The morning after the Oscars, the biggest conversation was Melissa Leo’s use of what commentators appear to have settled on calling “the F bomb.” It was, without question, beyond unfortunate- and that’s all that needs to be said about it.
I was, however, deeply gratified by Colin Firth’s use of a very different “F Bomb.” What am I talking about? Well, rather than referring to his fellow nominees as “amazing” or “awesome” or “inspiring”—the three most over-used words of the evening—her referred to being on the same list as “formidable.”
Colin Firth, you made my heart sing by not falling back on those absurdly over-used, useless modifiers. Thoughtful vocabulary wins in every category.
What other graceful gestures and massive missteps caught my attention?
Be Thankful—but in Moderation
Well, I was thankful to Randy Newman, winner of the Oscar for best song, for noting that thanking people endlessly slowed down the show and “wasn’t good TV.”
This is something I speak about all the time—beginning with a whole mess of thank you’s lessens your impact. Instead, begin with a story, a statistic, a question. If you feel you must thank people, then do it at the end of your talk.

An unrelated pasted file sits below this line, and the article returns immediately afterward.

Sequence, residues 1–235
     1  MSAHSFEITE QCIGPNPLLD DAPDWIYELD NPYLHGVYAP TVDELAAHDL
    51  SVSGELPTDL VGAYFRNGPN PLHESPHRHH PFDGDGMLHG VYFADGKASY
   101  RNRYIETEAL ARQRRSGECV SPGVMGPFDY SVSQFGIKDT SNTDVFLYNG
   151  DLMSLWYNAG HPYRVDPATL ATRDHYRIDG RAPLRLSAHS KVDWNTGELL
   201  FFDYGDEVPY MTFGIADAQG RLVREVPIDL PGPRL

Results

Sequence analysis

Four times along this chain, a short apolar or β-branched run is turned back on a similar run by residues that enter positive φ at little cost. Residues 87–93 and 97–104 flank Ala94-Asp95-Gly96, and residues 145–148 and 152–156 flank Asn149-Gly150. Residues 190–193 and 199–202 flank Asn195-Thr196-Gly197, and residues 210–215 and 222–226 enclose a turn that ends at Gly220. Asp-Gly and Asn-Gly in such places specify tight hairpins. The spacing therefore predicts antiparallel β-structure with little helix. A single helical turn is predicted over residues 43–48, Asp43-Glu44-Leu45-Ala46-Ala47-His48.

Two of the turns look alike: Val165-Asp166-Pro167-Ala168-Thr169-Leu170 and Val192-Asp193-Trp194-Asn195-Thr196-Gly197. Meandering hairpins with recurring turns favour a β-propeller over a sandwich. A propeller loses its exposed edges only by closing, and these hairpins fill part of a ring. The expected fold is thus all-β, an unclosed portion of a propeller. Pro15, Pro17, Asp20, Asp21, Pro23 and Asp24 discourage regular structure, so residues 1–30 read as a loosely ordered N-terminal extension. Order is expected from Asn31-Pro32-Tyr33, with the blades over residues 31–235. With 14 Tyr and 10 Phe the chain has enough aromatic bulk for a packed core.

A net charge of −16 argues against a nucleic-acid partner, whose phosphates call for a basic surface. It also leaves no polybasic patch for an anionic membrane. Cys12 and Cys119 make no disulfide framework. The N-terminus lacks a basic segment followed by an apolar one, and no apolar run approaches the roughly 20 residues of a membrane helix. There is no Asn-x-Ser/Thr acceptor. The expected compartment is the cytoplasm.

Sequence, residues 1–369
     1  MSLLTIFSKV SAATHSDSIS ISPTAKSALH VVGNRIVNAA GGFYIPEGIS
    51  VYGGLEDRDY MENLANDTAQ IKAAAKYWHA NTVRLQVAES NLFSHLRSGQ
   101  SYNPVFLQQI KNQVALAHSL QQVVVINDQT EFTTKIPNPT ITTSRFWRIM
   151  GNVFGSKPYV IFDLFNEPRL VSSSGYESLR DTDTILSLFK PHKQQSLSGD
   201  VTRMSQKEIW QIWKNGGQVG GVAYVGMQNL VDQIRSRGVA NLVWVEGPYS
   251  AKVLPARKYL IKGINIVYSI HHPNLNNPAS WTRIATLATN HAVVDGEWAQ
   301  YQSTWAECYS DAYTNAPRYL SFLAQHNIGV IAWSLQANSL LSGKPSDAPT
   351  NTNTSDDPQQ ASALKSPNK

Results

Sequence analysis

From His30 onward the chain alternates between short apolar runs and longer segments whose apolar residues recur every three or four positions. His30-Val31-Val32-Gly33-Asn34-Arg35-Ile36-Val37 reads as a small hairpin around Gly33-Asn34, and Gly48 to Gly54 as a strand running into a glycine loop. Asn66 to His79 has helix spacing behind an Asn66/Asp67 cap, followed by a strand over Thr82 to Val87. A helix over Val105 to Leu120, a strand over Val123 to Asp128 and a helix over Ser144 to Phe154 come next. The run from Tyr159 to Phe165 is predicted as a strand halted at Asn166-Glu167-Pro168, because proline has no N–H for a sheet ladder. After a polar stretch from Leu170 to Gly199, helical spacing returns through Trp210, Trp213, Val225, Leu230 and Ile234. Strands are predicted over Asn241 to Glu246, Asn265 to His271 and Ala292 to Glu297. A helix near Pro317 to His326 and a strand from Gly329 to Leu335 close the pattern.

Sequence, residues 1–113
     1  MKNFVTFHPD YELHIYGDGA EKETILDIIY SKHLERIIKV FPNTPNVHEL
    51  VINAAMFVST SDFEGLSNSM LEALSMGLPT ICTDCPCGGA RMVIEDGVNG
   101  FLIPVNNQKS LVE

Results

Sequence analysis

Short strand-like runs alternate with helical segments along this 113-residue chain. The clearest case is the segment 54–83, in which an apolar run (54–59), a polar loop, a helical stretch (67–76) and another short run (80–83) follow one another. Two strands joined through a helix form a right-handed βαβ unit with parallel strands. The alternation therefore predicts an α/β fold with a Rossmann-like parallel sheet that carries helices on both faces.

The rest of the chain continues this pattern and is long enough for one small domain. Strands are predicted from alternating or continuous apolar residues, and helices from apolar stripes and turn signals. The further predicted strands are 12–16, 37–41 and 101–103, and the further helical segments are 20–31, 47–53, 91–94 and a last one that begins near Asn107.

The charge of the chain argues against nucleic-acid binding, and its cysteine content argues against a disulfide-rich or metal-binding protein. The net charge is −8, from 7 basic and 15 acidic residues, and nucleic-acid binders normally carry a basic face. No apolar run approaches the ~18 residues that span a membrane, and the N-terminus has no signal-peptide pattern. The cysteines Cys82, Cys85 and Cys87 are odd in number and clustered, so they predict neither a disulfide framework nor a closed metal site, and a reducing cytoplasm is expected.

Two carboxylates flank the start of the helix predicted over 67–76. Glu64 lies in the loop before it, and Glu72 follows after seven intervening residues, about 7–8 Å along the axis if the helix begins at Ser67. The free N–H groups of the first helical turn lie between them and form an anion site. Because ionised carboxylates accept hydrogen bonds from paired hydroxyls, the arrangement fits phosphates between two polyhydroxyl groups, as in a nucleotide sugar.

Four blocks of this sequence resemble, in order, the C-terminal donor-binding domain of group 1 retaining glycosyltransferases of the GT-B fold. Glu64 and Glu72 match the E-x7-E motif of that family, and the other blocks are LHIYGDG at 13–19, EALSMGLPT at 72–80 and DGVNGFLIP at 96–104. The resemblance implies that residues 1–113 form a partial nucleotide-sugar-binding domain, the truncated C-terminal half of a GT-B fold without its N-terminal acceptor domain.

When you do thank people, be inclusive. David Seidler won my heart by accepting his Oscar on behalf “of all the stutterers throughout the world.” Lee Unkrich, in his Toy Story 3, acceptance speech, thanked “audiences all over the world who came out in historic numbers.” In both cases, the decision to include those beyond their cast and crew made us feel part of the evening, as opposed to observers of it. I highly recommend crafting any remarks you might make, to ensure your audience feels spoken “with,” and not “at.”
Three Rules for the Red Carpet:
A frequent conversation with clients is the importance of an expectant “listening face”—as opposed to what I call “taxi-meter eyes”—they just keep track of the time until you stop talking—or the deer-in-the-headlights phenomenon. Who has a wonderful “listening face”? Jennifer Hudson. She genuinely looks like she is attentive to the reporter’s question, and is considering her answer.
Think Before You Speak:
Speaking of thinking before you speak, a number of nominees were asked on the red carpet if they had given any thought to their remarks, to which they answered, “No.” My guess is they thought this made them look modest (at best) or cool (my most dreaded choice.) Instead, they just came across as naïve or unprepared. Regardless, neither is a choice that serves you. No one is better off the cuff/on the fly/when they wing it.
Know Before You Go:
And finally, even after you make it to the red carpet, you need to remember the first rule of a blind date or one-night stand: In this instance, if a designer has been kind enough to lend you their dress, shoes, jewelry or handbag for the night, please be sure you know how to pronounce their name correctly. Even if it’s only for a night, people get cranky when you can’t.
Originally published on Frances Cole Jones